49 Naomi Hirabayashi(Art Director)

Naomi Hirabayashi(Art Director)

Naomi Hirabayashi works in a wide range of genres; she has been art director for Sonya Park's select shop ART&SCIENCE, the magazine GINZA, NTT Docomo, and more recently for la kagu, a commercial facility in Tokyo's Kagurazaka. She has also designed the packages for Japan Tobacco's "HOPE" cigarettes and the CD jackets for musicians such as Dreams Come True and Utada Hikaru. The photos for this article were taken at BIBLIOPHILE which is Hirabayashi's favorite bookshop. Hirabayashi told us that aside from going to work, she rarely leaves her house. Nonetheless she said there is a certain place she has recently become fascinated with.

photo_tsukao / text_kentaro inoue

My fascination with Berlin

BIBLIOPHILE

BIBLIOPHILE
A bookstore on the basement floor of the AXIS building run by the interior shop LIVING MOTIF. The bookshelves that line the whole wall hold around 2,000 books, mainly Western books on design, architecture and fashion.

I'm currently fascinated with Berlin in Germany. The city seems to have an element that cannot be found in either London or Paris. I went to Berlin many times this year. When something new is being built in an undeveloped area, it has a very interesting atmosphere - like New York's Soho in the old days. Berlin still has that atmosphere. There are shops that are not famous but individualistic, and there are people who are not well known but extremely nerdy with incredible knowledge in certain areas such as electricity. (laughs) I also think Berlin has an environment that is generally geared toward good living.

My fascination with Berlin might be due to my love of German designs. In Japan, you can get nice, standard things in the areas of clothing and food, but it's difficult to get hold of nice, standard utensils and parts and pieces for the home. People are very enthusiastic about interior decoration now and a lot of effort is being made in designs, but when it comes to the tiny, subtle details, most people seem to give up. So we have things like awfully designed light switches and weird-looking remote controls on the walls.

I can't stand those things, and so when I renovated my house, I spent an enormous amount of energy looking for each of the parts I wanted. For example, I wished to have the same tiles used in the New York subway, so I contacted a tile factory in Sri Lanka and asked to let me buy tiles from them. And I hated the large rounded gothic font for the words "zaitaku" (at home) printed on the SECOM machines, so I did some research and found that there were machines without the printed words made for foreigners. I feel that the knowledge I've gained through looking for things by myself helps me a great deal when thinking about design.

The desire to design for public spaces

When I go to Berlin and other countries, I hardly ever search in the stores for products. Instead I visit the airports and city offices; I do research like finding out the type of toilet brushes being used. I go to public places because they are where many of the interesting designs are. This brings me to the topic of what designs are about. For me, designs are about things which are actually used by people and are part of everyday life. It's definitely not about things that are gorgeously lovely.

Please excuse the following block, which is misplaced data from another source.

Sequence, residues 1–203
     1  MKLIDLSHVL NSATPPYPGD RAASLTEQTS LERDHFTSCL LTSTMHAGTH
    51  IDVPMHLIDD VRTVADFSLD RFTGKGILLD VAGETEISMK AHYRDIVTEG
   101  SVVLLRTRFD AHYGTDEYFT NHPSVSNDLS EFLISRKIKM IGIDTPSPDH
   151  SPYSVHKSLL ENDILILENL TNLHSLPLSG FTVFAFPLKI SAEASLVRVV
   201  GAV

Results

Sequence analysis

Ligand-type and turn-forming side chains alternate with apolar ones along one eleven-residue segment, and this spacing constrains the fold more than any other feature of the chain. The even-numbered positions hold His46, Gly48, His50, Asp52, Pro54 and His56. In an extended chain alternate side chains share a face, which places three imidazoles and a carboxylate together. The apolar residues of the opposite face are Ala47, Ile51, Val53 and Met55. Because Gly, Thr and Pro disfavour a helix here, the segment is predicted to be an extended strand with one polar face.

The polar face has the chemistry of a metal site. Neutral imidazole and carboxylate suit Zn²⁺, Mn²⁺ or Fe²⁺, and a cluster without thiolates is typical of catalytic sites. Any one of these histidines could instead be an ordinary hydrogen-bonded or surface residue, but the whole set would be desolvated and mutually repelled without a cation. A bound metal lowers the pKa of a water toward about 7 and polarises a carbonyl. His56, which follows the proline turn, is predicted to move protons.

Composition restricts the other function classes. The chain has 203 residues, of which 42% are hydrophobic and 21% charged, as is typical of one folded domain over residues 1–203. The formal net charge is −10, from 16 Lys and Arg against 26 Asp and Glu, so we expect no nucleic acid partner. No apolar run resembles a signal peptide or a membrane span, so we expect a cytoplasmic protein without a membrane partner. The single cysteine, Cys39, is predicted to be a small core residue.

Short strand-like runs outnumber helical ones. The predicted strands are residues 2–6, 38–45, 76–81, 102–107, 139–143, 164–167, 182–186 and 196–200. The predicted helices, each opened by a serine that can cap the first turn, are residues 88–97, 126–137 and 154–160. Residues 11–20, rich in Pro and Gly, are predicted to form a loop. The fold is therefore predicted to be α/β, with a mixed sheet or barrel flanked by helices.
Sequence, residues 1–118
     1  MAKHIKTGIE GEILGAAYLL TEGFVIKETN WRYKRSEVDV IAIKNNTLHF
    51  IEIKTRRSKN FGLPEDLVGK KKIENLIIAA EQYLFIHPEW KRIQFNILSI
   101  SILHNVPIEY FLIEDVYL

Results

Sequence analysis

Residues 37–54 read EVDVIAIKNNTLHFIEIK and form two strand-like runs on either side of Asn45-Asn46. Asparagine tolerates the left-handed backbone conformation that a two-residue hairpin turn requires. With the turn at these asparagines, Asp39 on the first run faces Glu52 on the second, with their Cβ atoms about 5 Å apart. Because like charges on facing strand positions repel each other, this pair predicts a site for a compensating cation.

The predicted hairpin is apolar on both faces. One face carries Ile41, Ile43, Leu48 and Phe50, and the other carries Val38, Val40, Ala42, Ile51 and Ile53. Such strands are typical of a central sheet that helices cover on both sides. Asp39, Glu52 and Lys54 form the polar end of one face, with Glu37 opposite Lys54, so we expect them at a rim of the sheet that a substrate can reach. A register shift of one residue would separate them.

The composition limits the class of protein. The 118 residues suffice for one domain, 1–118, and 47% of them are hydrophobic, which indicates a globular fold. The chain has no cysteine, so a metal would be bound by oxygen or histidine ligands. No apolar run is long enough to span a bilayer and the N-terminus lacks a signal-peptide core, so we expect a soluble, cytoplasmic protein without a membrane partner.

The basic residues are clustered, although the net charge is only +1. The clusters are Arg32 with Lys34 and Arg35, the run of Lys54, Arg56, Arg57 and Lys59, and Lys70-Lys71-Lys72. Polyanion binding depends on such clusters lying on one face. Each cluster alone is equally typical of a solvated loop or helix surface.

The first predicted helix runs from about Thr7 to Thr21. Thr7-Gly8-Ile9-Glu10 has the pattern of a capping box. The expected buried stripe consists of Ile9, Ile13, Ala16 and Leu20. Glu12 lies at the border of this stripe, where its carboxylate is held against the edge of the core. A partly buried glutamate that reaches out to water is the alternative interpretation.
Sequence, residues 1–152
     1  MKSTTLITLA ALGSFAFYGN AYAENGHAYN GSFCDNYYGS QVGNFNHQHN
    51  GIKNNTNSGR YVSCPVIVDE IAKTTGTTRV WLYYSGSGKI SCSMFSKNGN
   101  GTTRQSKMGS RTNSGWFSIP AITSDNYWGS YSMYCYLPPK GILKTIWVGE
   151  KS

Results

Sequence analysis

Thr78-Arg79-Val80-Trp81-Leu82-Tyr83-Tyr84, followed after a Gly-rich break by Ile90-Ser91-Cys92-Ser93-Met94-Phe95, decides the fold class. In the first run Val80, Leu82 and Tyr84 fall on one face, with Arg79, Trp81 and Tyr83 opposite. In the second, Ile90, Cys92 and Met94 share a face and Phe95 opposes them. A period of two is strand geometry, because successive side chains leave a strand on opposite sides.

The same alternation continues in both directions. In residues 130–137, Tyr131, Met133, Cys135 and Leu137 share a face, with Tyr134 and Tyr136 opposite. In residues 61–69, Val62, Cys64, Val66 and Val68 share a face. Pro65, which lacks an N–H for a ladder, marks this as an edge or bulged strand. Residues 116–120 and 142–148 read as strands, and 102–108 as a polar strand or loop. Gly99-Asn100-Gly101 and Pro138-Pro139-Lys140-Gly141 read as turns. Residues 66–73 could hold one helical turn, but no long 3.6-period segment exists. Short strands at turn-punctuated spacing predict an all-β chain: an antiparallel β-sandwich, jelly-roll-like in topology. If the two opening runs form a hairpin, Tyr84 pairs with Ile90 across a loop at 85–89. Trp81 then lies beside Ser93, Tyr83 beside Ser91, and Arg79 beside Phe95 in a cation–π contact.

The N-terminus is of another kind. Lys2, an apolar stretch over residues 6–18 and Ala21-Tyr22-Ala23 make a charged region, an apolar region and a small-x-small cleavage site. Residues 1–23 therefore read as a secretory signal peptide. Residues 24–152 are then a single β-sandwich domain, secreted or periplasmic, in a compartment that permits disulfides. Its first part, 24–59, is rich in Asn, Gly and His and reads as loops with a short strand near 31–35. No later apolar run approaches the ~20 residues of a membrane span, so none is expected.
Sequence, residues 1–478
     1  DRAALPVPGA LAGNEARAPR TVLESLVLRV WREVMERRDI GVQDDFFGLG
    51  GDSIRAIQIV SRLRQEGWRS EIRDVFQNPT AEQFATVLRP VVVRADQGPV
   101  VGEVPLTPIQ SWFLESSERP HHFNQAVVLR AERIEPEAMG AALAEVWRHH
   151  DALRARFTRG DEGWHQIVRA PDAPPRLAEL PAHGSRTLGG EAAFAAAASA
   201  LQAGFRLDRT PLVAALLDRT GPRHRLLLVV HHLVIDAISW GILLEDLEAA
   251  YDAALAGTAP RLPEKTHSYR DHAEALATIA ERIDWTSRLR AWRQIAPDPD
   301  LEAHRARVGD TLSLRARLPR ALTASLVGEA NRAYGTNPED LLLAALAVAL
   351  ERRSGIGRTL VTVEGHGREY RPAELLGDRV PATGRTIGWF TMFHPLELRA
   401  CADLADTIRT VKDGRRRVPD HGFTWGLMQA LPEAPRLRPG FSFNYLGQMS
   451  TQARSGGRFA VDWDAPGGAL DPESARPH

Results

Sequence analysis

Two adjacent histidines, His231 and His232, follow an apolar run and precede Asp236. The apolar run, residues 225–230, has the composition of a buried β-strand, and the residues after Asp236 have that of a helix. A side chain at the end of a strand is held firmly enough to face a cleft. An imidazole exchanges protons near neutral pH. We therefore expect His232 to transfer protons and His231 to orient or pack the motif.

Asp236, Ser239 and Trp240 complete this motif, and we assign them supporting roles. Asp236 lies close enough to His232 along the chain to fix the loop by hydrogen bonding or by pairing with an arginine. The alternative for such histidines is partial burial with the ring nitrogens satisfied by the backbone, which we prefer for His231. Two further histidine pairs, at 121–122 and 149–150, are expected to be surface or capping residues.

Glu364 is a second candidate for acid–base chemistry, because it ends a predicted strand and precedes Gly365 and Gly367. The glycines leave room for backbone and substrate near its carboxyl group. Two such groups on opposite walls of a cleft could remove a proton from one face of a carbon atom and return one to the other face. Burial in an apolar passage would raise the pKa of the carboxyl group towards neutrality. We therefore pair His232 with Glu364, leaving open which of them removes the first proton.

I find it difficult to describe the kind of designs that appeal to me. Some people use the expression "anonymous designs" but that doesn't seem to explain enough. (laughs) I like products which look so natural that we forget that there was a person who actually designed them. Those are the kind of things I wish to design.

In Japan, I like going to the Workman stores and home centers which sell functional, simple items that are inexpensive and durable. In such stores I might see a nail box with illustrations and minimum information like nail size, and it will give me a hint for my own designs.

Designs that can be understood at a glance

A long time ago, when I was employed at a company, I worked for about a year in London. Of course I had to pay taxes since I lived there. When the tax papers arrived, I was surprised to see that the format of the papers was of such clean design. Being tax papers, they were meant for all generations, young and old. Only one font and only one color were used, and only the places that needed to stand out were in bold or in italic. It was so simple but so proper.

In Japan though, if you were to get a printed notification on pensions for example, it would usually be in color, and in very big letters and it would be as if they wanted to get your attention on everything. And for some reason, the fonts are usually roundish, and there are nearly always illustrations of mascots. .. you get the feeling that they are making fun of adults.

The Japanese way of designing printed matter is something I discussed with Kaoru Kasai-san. I truly respect Kasai-san and wish he could be in charge of doing all the designs for the Tokyo Olympics. (laughs) Kasai-san told me that in Europe, they have timetables that can be understood at a glance; you don't need to know the language to comprehend them. He was saying that's how designs should be.